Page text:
Elke from the start was very kind and organised. I arrived at the shoot 20 mins early as I am very efficient. The bar was a lovely bar with lots of vintage items. I had arranged a MUA for the shoot and she, was excellent throughout. Elke provided many clothing for the shoot so was looking forward to dressing up as a 1950’s lady. The shoot was fun and I felt comfortable throughout. It was a great experience this shoot and I hope to work with Elke again. I love being creative and creating different poses. Model: Maria Di-Tommaso
MM: You also teach master classes to photographers.Can you explain us a bit more about this?
EB: The Master classes were born 2011 out of requests of my students I met teaching accredited courses with an official public provider. I am holding a B.A in teaching and a B.A in Photography I gained in Germany, so these two parts of my background were coming together eventually.
With the first round of austerity cuts, it was not possible to offer all workshops I had been organizing with a government provider, where I worked for 10 years until last year as a photography lecturer.
I decided to take the plunge and offer similar and more workshops involving technical and creative challenges with set themes on location to educate up and coming photographers.
With London locations and a pool of people to work with it was a good decision.
As a former active member of the AOP (Association of Photographers, London) and appointed judge of the AOP Students Awards a while ago, I had a good inside of what student needed, themes which where going to become trends and the technical and admin knowhow to pull this of.
The students I work with are selected through a portfolio view and interview, very informal. This is important to put together teams and find appropriate concepts, locations and models they can work with to grow as photographers.
MM: Can you list some tips for models that will attend a photo shoot for the first time. What do you photographers usually require from them?
EB: Tips for models: Communicate, be open and see what you can bring to the set. Commercial shoots require that you present a product, service, lifestyle, etc. and very often its very straight forward work. But some projects are benefiting from your individuality and character you can bring to the set as well. Communication with the photographer and the production team is key. In the end we are visual problem solvers, we have to be effective and creative and function well in a team.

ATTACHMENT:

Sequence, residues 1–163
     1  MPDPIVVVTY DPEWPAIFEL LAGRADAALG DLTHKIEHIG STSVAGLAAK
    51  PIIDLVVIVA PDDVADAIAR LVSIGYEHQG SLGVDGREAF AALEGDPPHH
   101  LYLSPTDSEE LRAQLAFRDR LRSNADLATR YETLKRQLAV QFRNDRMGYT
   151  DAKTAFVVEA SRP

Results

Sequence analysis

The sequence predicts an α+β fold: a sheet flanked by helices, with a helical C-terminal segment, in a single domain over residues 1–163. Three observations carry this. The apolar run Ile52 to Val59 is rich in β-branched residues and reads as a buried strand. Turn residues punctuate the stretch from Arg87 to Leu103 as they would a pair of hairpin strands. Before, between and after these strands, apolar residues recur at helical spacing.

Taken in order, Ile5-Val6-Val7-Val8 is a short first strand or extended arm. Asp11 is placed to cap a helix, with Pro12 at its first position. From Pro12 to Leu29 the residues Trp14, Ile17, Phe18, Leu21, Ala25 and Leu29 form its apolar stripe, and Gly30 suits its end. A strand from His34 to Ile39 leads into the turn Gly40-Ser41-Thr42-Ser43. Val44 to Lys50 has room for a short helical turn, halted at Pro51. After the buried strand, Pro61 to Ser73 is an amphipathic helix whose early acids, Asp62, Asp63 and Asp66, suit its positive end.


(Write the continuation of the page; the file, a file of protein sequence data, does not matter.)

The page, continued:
MM: There is a lot of competition in the photography industry. Tell us, what do you think makes your work special?
EB: A Picture editor told me once: “ You seem to always catch a fleeting moment in your portraits. That’s what makes them so present, you feel the present. The fleeting moment is encapsulated, preserved and you always look for a combination of the fleeting moment and relevance.”
I can only say that it paid off to learn the craft and the technical side. Fine art analogue colour printing; I still do that myself. That’s important for collectors as a craft reference and creative control, which I think has to stay with the photographer. Creatively, I am looking for what interests me personally, not commercially. Luckily, I reached the point in my career quickly, where I was booked for my style not because people needed a photographer. And the way forward for professional photographers is to produce individual projects anyway, as there are a lot of mainstream images out there, which is produced by amateurs; I mean that in the most respectable way. Technology has opened up the market and we use the Visual Language now like writing: Aka, “I was here with’, or “ wish you were here” with a selfie or describing a culture with all the food images taken. So, photography has more niches and a broader place in all our lives.
The only comment I can make towards my style:
I preserve in my portraits the encounter I have with that person on that day.
MM: What can we expect from you in the upcoming future?
EB: Book projects and exhibitions. More concepts about people, what trends might be around the corner and celebrating diverse characters and backgrounds.
I expect more Folklore after the Vintage, Retro look and something completely new, something we have not seen before. Times are moving very fast these days.
People might fall back on tradition on one side but also looking for new perspectives.
It will be exciting.
In terms of portrait photography: I truly hope that the pressure on models eases in terms of measurements and plastic surgery. All shapes and forms welcome.